Dumbarton Oaks Byzantine Studies Symposium: "Processions: Urban Ritual in Byzantium and Neighboring Lands," April 12–13, 2019



Byzantine Studies Symposium, Leslie Brubaker and Nancy Ševčenko, Symposiarchs

Military, civic, and religious processions were hallmarks of the ancient and medieval world; they continued into the Renaissance and, indeed, continue to this day. Yet the Byzantine procession has not yet been subjected to any synthetic, historicizing, contextualizing, or comparative examination.

Understanding processions is critical for our appreciation of how urban space worked and was manipulated in the Middle Ages. For the 2019 Dumbarton Oaks Byzantine Symposium, speakers will examine texts, artifacts, and images in order to develop a new understanding of medieval urban life across multiple social registers. For example, records of processions show us what kinds of public behavior were acceptable, and when, and where. Studying processions introduces us to new protagonists as well, for processions involve audiences as well as participants, and groups hitherto virtually invisible, such as the team of people who prepared for the event by decorating the streets, will be brought to light. The Byzantine commitment to processions is striking in terms of the resources and time allocated: there were as many as two processions a week in Constantinople, many involving the patriarch and the emperor. In the Latin West, the Crusader States, and in the Fatimid, Ottoman, and Muscovite worlds, by comparison, processions occurred far less frequently: the procession was significantly more important to the Byzantines than to their neighbors and successors. The comparative study of Byzantine processions to be offered by the speakers at the symposium will reveal how the Byzantines operated in a complex global network defined by local contexts, how the Byzantines positioned themselves within this network, and the nature of the Byzantine legacy to the Islamic, Catholic, and Orthodox inheritors of their culture.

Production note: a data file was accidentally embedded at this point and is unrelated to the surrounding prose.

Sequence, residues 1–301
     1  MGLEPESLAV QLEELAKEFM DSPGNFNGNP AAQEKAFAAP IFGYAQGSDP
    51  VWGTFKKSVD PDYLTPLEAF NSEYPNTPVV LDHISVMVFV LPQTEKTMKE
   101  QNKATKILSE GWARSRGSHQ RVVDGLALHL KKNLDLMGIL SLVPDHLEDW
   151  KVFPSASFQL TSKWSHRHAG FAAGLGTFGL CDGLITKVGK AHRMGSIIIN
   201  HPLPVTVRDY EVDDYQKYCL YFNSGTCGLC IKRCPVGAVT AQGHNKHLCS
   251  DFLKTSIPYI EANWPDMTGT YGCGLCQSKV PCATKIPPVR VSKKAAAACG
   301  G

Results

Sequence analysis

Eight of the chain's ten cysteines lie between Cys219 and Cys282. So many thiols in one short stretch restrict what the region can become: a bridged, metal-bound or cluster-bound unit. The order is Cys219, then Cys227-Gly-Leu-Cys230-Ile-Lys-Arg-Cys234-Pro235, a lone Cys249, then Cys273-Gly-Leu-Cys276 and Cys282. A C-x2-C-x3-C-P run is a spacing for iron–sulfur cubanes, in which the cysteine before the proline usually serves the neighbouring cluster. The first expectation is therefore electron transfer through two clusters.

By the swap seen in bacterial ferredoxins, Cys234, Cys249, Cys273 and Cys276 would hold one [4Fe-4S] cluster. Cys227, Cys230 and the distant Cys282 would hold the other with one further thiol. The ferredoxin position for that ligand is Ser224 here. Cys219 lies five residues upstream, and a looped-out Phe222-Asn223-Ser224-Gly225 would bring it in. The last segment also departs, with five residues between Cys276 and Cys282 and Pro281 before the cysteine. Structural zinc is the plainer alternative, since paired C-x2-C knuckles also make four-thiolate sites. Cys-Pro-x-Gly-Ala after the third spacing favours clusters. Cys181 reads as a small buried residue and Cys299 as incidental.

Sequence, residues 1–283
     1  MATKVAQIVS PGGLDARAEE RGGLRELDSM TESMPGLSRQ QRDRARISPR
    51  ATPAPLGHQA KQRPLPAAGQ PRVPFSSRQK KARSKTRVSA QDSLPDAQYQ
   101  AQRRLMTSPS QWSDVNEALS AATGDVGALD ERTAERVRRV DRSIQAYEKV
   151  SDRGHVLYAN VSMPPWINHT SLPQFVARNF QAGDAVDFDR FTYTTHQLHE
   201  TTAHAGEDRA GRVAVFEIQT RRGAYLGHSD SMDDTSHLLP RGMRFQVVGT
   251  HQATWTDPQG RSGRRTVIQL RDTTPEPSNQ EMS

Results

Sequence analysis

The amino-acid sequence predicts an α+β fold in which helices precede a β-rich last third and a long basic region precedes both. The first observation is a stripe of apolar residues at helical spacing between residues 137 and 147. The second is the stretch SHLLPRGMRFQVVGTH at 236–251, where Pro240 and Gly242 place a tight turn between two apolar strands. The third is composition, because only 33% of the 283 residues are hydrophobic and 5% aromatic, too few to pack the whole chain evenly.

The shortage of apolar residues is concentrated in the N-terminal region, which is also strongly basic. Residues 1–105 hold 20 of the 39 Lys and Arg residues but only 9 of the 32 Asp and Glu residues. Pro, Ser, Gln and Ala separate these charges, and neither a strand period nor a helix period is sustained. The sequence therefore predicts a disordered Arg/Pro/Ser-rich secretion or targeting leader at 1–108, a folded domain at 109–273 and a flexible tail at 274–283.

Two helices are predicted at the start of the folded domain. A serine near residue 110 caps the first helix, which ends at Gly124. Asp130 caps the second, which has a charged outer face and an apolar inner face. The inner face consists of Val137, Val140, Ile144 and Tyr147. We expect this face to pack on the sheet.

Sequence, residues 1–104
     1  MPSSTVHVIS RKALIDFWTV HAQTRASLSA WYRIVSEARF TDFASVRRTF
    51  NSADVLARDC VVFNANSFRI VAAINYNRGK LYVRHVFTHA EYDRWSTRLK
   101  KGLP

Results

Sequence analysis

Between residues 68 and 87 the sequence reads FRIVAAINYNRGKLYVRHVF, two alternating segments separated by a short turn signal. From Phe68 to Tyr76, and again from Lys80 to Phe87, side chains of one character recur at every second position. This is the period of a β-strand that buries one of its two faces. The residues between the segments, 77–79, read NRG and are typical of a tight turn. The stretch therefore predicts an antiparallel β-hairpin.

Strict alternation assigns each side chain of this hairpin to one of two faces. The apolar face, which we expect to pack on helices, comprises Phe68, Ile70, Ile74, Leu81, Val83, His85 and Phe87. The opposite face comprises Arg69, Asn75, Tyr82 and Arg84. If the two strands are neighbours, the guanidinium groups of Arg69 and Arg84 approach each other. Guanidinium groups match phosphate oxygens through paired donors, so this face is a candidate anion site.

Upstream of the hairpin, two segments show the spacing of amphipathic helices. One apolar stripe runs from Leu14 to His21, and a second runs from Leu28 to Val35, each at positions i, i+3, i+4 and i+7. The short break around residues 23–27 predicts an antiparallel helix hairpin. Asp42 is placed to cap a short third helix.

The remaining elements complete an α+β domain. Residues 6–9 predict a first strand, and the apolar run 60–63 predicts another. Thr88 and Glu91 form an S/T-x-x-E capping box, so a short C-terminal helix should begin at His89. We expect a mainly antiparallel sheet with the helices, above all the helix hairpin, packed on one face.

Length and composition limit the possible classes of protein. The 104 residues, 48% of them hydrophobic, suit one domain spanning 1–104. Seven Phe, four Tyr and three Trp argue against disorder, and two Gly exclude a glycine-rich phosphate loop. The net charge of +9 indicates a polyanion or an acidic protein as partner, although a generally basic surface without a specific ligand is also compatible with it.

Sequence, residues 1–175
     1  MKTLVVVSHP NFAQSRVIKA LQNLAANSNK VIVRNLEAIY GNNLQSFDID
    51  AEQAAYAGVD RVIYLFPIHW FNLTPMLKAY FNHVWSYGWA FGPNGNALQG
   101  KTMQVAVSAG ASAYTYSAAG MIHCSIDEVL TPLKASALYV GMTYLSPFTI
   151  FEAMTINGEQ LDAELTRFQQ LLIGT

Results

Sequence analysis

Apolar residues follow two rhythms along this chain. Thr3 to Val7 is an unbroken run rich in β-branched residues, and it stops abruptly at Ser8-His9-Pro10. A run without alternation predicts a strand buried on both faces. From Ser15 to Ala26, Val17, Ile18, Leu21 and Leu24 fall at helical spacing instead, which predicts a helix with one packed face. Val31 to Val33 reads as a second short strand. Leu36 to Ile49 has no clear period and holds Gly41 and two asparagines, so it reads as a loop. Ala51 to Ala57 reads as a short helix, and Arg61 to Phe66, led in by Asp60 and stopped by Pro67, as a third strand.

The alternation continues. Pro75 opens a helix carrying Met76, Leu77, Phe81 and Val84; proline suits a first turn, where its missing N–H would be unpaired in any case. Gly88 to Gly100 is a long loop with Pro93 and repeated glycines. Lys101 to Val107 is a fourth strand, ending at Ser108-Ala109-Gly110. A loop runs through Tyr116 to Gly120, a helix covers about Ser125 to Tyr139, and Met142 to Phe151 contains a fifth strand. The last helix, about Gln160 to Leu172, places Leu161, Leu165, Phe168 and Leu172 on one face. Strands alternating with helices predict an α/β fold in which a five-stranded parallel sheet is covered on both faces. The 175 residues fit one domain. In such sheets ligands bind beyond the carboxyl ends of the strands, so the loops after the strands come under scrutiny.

Image: Trier, Cathedral Treasury, ivory panel, ca 800 (?): Imperial procession with relic


  • Nathanael Andrade, “Controlling Material and Semiotic Landscapes: Processions in Late Antiquity”
  • Christine Angelidi, “Sparkling creations, threads of tradition. Marian processions in medieval Constantinople”
  • Leslie Brubaker, “Bridging the gap: processions in early medieval Constantinople”
  • Michael Featherstone, “Public Processions in Middle Byzantine Constantinople”
  • Georgia Frank, “The Things They Carried: Religious Processions in Early Byzantium”
  • Michael Flier, “Changing times, divergent destinies: Processional Imagery in the Age of the Tsar”
  • Niels Gaul, “Processions in the late Byzantine world”
  • Çiğdem Kafescioğlu, “Guild processions in Istanbul: claiming public space in the early modern city”
  • James Norrie, “11th–12th century processions in Milan and Rome – urban conflict or civic integration?”
  • Paula Sanders, “Negotiating power in the Islamic Mediterranean: Urban Processions in Egypt, North Africa, and Iberia”
  • Sebastian Salvadó/M. Cecilia Gaposchkin, “The Latin Processions in Jerusalem”
  • Alexandra Vukovich, “Princely Processions and Peregrinations Itinerant Rulership in Early Rus”



  • When

  • Friday, April 12, 2019 - Saturday, April 13, 2019
    8:30 AM - 5:00 PM
    Eastern Time

  • Where

  • Dumbarton Oaks Music Room
    1703 32nd Street, NW
    Washington, District of Columbia 20007

Outlook Outlook
iCal iCal
Google Google
Yahoo! Yahoo!